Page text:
Phytotherapy: definition. Crude drug and phytocomplex definitions. interactions with other disciplines (Phytochemistry, plant biology, pharmacology, Pharmacognosy, etc.). Interactions among different components occurring in the phytocomplex. Factors which may influence the variability of phytocomplex. Basic concepts for extraction of active compounds by plant material. The criteria and requisites of medicinal plants: quality, safety, and efficacy. Immunostimulants: ginseng (Panax ginseng), active components and possible adverse effects. Siberian ginseng (Eleutherococcus senticosus), purple coneflower (Echinacea purpurea radix and herba, Echinacea pallida radix), composition and uses. Astragalus (Astragalus membranaceus), Schizandra (Schizandra chinensis), rose root (Rhodiola rosea). Plants acting in the urogenital tract infections: blueberry (Vaccinium myrtillus), lingonberry (Vaccinium vitis idaea). Cranberry (Vaccinium macrocarpon) against infections: active components and mode of action. Bearberry (Arctostaphylos uva-ursi) and arbutin. Crude drugs acting on gabaergic neurotransmission and medicinal plants which induce sleep: valerian (Valeriana officinalis), hops (Humulus lupulus), passion flower (Passiflora incarnata), lemon balm (Melissa officinalis). Serotonin, catecholamines and their neurotransmission. Dopamine, adrenaline, noradrenaline. Medicinal plants acting on serotonin neurotransmission: St. John's wort (Hypericum perforatum). Crude drugs and cognitive impairment: bacopa (Bacopa monnieri), turmeric (Curcuma longa), ginkgo (Ginkgo biloba). Caffeine: farmacokinetic, mode of action and natural sources. Plants containing xanthines and methylxanthines: coffee plant (Coffea arabica), tea plant (Camellia sinensis syn. Thea sinensis), guarana (Paullinia cupana), yerba mate (Ilex paraguariensis), Cola (Cola spp.), cocoa tree (Theobroma cacao). Phytotherapy of crude drugs to treat benign prostatic hyperplasia: saw palmetto (Serenoa repens), nettle (Urtica dioica), Pygeum africanum. Pumpkin seeds (Cucurbita spp.). Phytoestrogens used in the menopausal syndrome. Red clover (Trifolium pratense). Black Cohosh (Cimicifuga racemosa). Chastetree (Vitex agnus castus), shepherd's purse (Capsella bursa-pastoris). Medicinal plant with actions in the gastrointestinal tract: eupeptic effect of gentiana (Gentiana lutea), European centaury (Centaurium erythraea), bitter orange (Citrus aurantium), wormwood (Artemisia absinthium), cinchona plants (Cinchona spp.), Iceland moss (Cetraria islandica). Gastric inflammations (gastritis and ulcer). Liquorice (Glycyrrhiza glabra) effects on Helicobacter pylori growth and adhesion. Intestinal inflammations, ulcerative colitis and Crohn's disease. Anthraquinones and laxative effects. Plants containing anthraquinones: Senna (Cassia angustifolia) Plant extracts used for intestinal inflammations: Aloe, Wormwood, Andrographis, Indian Frankincense (Boswellia serrata), active components and actions. Mild laxatives, gums and mucilage (Plantago ovata, Linum usitatissimum). Glucomannan (Amorphophallus konjak), manna ash (Fraxinus spp.). Anti-diarrhoea: tannins. Anthelmintic plants. Medicinal plants used for nausea: ginger (Gingiber officinale). Plants used against hemorrhoids: horse chestnut (Aesculus ippocastanum), butcher's-broom (Ruscus aculeatus), red vine (Vitis vinifera cv. Tenturiers).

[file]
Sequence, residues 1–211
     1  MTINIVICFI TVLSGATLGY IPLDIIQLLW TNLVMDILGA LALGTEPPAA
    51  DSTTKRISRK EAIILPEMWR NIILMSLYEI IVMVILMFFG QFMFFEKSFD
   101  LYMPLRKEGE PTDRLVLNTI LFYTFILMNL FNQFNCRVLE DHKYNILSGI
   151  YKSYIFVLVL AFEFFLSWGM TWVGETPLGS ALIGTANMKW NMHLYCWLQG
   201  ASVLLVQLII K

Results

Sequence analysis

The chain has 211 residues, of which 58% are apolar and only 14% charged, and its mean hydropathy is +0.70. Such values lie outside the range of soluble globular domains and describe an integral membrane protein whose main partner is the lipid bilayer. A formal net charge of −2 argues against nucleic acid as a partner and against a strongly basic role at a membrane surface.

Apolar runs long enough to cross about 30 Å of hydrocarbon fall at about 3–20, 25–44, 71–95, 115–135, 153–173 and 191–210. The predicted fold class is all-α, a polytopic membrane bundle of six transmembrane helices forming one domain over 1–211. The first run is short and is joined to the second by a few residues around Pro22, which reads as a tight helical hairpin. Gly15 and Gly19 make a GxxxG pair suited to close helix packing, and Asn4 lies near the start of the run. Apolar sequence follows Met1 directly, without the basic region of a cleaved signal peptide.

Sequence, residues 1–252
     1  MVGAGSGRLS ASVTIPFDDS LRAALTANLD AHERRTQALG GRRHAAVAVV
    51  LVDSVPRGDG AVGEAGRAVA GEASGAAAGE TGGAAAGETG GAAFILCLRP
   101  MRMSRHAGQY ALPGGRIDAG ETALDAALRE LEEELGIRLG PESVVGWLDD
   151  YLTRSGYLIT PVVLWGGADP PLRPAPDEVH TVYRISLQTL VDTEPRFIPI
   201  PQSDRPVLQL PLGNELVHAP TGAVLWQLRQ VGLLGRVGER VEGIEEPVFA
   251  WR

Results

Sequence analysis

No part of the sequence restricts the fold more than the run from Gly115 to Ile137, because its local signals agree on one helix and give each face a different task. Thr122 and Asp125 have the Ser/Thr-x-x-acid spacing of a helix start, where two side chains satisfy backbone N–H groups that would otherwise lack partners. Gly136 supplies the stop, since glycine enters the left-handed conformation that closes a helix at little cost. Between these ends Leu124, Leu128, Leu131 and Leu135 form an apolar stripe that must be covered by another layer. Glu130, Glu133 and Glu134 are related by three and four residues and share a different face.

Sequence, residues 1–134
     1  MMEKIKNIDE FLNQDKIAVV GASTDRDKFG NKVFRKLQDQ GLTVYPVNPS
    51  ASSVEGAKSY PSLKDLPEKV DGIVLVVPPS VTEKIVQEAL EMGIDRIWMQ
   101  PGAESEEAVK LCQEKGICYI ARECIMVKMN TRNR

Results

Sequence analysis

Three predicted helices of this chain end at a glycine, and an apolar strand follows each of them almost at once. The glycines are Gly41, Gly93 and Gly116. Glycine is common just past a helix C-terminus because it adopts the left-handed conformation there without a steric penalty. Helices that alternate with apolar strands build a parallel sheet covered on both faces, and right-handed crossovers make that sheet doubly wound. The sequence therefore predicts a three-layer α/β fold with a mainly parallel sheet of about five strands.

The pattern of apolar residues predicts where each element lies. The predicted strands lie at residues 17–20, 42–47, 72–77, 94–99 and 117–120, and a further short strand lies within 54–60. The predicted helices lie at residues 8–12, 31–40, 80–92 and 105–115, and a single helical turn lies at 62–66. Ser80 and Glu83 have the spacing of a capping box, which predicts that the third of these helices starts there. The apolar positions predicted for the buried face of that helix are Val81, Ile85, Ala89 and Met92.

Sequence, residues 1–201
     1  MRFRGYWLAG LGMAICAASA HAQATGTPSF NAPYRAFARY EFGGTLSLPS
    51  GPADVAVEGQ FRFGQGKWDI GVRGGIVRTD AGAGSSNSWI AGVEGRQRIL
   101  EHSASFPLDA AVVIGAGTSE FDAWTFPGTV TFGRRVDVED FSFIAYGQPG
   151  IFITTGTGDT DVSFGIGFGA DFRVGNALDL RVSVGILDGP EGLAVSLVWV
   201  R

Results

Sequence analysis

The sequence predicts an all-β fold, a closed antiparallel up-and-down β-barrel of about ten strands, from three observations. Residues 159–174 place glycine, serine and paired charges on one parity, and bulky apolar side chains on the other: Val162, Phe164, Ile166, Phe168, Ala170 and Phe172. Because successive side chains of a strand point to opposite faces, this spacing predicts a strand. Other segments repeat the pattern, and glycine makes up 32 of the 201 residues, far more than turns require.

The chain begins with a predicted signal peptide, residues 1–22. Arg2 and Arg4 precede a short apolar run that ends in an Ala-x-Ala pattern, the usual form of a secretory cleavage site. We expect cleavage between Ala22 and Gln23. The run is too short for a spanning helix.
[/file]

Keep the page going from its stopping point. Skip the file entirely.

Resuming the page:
Phyotherapy in cardiovascular diseases and control of dislipidemia: berberine, phytosterols, red yeast rice, garlic, fibers, plantago spp., policosanols. Medicinal plants against skin diseases (Melaleuca, turmeric, hazel, gotu kola etc.). Phytotherapy and liver diseases: Milk thistle (Silybum marianum), Liquorice, Sophora, artichoke (Cynara scolymus). Visit to the Museum "Orto Botanico di Brera".
Teaching methods
During the course, besides the use of slides and ppt. for the conventional lessons, teacher will organize to visit Museo Orto Botanico di Brera, which is located in the centre of Milan. The museum contains a variety of medicinal and officinal plants. In this way, students will be able to see plants and investigate morphology and the part of plants used for medicinal purpose. Parts of plants studied in the second part of the course will be seen by students at lessons, when available in the Lab of Pharmacognosy.
Teaching Resources
Books which may be consulted by students:
Pharmacognosy and Phytotherapy: pharmacological basis and applications. G. Mazzanti, M. Dell'Agli, AA. Izzo. Piccin, 2020.
Capasso F., Grandolini G. Izzo A. Fitoterapia. Springer, Milano.
Accessing to the following Ariel site, it's possible to download all the material used for lessons, including all the slides used during the course:
Models for studying the biological activity of natural substances
BIO/14 - PHARMACOLOGY - University credits: 6
Lessons: 48 hours
Professor: Camera Marina
BIO/15 - PHARMACEUTICAL BIOLOGY - University credits: 5
Lessons: 40 hours
Professor: Dell'Agli Mario